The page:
The second, and final, day of Mutations was kicked into action by up-and-coming Kagoule, who were on early enough in the day for the co-lead signer to notice that he was only wearing one sock midway through their set.
Brighton’s very own duo Atlas Wynd sounded promising during their early set at Green Door Store, but a highlight of not only the day, but of the entire weekend, was Sheffield-based garage-pop quartet Best Friends. They effortlessly tore through their recent album, one of the year’s highlights, ‘Hot. Reckless. Totally Insane.’ with a few older tracks, such as Wasting Time chucked in for good measure
Opening track Fake Spit, along with the likes of Nosebleeds and Shred ’til You’re Dead sounded as fun and fresh as they ever have, but perhaps not fitting to the stiff, still-hungover-yet-getting-drunk-again crowd of their early afternoon set.
Another highlight was Brighton first-timers, and critic’s favourites, Ought, from Montreal. They look and sound like a privately educated Parquet Courts covering Lou Reed’s solo work, yet their music carries an intellectual and dry wit, projected through lead signer Tim Darcy’s gauche Jarvis Cocker-esque stage presence. Their set was mainly focused around promoting their new album, ‘Sun Coming Down’, but they did include a few tracks from their debut album ‘More Than Any Other Day’, or as Darcy put it, their “greatest hits”.
Sunday continued and included acts such as Lightning Bolt and Metz [pictured above], both great bookings for an underground festival, especially one in its first year, and despite the strength of the weekend’s line up, I feel like Mutations does have a lot to learn in order to develop as a festival force to be reckoned with. A weekend ticket for the festival cost £55, which I guess is reasonable for an independent festival not forcing advertising down your throat, but it does still feel a little expensive for a festival trying to introduce itself to as many people as possible.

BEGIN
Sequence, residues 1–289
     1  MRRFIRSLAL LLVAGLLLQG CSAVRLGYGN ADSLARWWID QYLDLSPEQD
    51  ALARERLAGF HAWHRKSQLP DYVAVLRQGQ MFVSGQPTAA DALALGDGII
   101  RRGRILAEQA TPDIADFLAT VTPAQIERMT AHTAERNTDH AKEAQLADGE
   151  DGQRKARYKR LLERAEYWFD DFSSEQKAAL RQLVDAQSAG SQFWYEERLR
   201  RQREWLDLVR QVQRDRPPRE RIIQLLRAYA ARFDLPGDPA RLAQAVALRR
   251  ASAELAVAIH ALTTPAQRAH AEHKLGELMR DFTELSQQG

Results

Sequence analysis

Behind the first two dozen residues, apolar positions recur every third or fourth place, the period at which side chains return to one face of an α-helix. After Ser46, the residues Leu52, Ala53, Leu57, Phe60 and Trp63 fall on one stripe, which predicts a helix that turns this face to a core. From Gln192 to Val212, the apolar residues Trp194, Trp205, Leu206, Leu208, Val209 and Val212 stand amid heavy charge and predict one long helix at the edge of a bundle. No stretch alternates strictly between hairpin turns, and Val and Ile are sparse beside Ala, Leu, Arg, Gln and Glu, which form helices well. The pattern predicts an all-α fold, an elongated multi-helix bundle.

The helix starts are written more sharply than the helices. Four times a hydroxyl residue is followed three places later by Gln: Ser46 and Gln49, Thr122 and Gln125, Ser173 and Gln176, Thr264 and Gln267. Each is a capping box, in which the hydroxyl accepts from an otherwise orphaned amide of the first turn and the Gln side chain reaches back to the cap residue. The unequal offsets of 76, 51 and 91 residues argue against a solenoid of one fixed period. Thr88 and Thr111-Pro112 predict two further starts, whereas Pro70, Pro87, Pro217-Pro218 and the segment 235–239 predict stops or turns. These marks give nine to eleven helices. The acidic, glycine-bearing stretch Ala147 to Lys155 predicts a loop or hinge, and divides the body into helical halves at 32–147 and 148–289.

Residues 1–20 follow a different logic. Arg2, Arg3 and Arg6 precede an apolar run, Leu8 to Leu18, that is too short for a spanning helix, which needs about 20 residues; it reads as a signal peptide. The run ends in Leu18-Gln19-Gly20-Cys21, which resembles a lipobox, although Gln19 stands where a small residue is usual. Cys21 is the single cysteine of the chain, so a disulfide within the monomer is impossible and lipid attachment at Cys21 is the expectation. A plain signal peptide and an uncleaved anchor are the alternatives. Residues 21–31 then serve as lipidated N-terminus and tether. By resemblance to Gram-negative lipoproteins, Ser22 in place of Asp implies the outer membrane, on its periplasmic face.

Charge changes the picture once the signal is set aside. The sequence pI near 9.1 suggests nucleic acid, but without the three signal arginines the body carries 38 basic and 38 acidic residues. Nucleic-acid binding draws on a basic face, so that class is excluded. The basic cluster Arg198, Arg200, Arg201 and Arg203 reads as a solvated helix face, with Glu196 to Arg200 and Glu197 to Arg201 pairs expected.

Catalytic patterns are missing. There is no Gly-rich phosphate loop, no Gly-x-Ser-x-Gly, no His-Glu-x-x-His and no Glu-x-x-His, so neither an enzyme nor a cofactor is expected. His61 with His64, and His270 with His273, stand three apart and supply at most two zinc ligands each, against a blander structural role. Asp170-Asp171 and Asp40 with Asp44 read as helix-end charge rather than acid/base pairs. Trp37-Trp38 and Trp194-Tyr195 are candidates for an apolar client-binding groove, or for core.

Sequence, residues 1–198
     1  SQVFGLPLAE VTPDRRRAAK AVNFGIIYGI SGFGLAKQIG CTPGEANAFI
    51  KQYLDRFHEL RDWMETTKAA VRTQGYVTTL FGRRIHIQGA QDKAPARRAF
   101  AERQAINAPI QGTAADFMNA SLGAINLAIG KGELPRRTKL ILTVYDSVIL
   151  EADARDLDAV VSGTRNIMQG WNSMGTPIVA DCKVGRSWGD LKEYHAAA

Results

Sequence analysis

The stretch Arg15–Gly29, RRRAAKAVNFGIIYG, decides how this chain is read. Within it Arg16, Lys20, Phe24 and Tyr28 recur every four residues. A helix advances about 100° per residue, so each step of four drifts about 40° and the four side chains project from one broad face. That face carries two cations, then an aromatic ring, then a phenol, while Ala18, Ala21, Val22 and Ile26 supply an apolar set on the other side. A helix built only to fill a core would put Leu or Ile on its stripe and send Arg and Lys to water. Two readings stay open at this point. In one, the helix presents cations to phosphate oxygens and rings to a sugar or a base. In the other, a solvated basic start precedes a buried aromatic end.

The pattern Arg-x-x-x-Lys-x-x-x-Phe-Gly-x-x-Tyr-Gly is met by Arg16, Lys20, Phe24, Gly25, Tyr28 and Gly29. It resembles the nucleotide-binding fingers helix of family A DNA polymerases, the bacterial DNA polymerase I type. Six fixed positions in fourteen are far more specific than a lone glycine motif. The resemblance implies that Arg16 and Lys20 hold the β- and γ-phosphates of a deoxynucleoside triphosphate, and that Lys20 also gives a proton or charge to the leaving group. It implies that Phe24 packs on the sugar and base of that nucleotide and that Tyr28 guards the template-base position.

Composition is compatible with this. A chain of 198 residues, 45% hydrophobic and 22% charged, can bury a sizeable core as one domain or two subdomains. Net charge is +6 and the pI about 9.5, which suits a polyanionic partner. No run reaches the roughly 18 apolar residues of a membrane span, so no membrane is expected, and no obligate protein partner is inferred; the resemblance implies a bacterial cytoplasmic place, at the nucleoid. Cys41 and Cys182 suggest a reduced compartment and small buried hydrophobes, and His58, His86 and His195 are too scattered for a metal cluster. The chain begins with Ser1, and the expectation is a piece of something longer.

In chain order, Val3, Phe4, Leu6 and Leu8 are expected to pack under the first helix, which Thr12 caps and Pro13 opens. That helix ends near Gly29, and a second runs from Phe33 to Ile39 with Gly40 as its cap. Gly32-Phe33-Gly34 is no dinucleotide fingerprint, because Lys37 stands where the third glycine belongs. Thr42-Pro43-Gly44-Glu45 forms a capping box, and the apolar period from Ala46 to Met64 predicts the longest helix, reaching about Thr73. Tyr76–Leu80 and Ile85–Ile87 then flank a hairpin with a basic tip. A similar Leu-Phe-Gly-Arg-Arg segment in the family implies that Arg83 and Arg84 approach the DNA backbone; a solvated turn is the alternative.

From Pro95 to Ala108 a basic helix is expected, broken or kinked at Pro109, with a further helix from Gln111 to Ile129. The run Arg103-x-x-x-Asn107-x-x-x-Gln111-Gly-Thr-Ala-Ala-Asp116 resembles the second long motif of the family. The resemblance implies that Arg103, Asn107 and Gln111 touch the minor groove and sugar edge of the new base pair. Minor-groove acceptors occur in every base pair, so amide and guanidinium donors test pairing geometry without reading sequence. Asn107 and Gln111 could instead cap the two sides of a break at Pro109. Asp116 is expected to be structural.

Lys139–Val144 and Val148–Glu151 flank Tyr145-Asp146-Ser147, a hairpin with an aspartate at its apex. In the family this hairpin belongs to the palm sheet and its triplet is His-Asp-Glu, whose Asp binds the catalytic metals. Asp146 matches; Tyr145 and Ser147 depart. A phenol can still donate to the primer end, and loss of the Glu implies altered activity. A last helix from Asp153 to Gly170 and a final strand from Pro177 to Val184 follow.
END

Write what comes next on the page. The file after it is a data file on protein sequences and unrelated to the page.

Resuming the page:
The arguable steepness of the weekend also, naturally, has an impact on the crowd willing to pay that – the weekend was mainly attended by middle-class types pushing the wrong side of 30, meaning that shows were either infested with awkward dad dancing or awkward dad dancing. I’m not saying that Mutations needs to lower its price to attract a younger, ‘cooler’ crowd, by no means. I’m saying that for a festival that prides itself on diversity and including acts for everyone, it seems paradoxical to then have hyperbolic prices that naturally mean only a certain type of person is willing to attend.
Mutations festival was not perfect. It wasn’t supposed to be. It was a first attempt, and a very good one at that. I’m sure that as the years pass, Mutations will hone its craft through trial-and-error means and develop into an affordable, exciting festival that encompasses a crowd as diverse as its line-up.
By Ryan Lunn